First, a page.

Caring for a Child with Cerebral Palsy
Caring for a child who is diagnosed with a disability is never easy, but it is important for you to help your child reach their maximum potential and live the best quality of life possible.
For cerebral palsy in particular, helping your child reach their goals depends on the level of cerebral palsy he or she has, and may require an extra set of hands from professionals including physical therapists, physicians, educators, nurses, psychologist, and social workers. Together, you as a parent and a team of professionals can work side-by-side to resolve issues that may revolve around social and emotional development, education, nutrition, mobility, and communication
According to an article published on Care.com, professionals can offer a plethora of services to help your child grow mentally and strive to reach for his or her physical goals. Speech therapists in particular offer many valuable communication services and can:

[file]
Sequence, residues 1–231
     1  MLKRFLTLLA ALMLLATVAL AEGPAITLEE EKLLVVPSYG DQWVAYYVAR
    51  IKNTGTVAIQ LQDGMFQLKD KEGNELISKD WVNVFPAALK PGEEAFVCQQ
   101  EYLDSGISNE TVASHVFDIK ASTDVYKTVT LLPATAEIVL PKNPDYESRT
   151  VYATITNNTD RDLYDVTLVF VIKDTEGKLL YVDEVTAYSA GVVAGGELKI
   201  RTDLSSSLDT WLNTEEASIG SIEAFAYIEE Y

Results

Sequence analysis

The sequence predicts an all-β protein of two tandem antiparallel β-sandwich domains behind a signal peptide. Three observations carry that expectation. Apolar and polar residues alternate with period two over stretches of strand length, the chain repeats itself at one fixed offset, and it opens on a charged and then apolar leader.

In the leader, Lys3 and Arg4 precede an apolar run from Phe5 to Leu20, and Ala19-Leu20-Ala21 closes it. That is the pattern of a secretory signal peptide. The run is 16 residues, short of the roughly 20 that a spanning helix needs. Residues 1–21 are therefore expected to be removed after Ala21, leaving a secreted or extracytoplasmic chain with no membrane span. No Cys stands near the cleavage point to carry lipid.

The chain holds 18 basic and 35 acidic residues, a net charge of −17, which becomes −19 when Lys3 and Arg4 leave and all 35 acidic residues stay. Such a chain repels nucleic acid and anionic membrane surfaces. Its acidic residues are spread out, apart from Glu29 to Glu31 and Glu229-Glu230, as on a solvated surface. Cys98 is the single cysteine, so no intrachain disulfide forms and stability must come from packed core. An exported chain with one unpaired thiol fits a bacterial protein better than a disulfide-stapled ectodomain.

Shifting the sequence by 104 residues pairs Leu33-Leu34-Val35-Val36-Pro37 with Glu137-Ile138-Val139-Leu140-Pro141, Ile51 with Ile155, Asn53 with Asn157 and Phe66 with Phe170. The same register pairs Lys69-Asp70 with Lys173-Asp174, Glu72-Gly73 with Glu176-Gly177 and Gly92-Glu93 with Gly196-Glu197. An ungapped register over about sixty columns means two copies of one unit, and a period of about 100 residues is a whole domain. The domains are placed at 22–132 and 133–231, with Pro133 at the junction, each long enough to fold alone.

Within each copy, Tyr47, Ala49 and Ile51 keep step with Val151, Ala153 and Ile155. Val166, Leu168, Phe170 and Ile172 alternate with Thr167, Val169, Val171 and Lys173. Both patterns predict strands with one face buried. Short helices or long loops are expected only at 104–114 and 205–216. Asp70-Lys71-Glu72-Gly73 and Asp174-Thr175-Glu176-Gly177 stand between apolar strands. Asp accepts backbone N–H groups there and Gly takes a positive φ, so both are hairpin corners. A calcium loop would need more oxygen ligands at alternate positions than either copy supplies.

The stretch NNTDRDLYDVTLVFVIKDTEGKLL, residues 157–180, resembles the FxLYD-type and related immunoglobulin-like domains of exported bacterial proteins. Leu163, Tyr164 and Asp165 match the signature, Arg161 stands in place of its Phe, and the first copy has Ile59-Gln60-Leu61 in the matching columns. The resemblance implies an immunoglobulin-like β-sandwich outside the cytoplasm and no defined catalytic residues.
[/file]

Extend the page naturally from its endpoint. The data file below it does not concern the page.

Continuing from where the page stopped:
“Help through oral motor work to enhance sucking, eating, etc. This work will facilitate communication, both through facial and verbal means, making speech as intelligible as possible. If lack of muscle control makes speech too difficult, speech therapists may help teach use of an augmentative communication device or sign language,” (Caring for a Child With Cerebral Palsy — Advice for Families and Caregivers).
For children living with cerebral palsy, working on muscle movement in the mouth is one of the most important aspects of physical therapy that will help them to communicate more effectively and voice concerns they have or pain they may be in.
Physical therapy is one of the most beneficial commitments a child with cerebral palsy can do to help them with various movement and abilities. Physical therapy can not only aid in muscle strengthening and independence in movement, but they can help ease pain and increase comfort. Physical therapist work with the body to stretch muscles that are tight and stiff, strengthen weak muscles, and help your child to gradually start walking, using a wheelchair, or standing — depending on their needs.
For more information on how you can help care for a child with cerebral palsy, please read this article published in Care.com, that will also give advice on how to improve nutrition for a child living with cerebral palsy.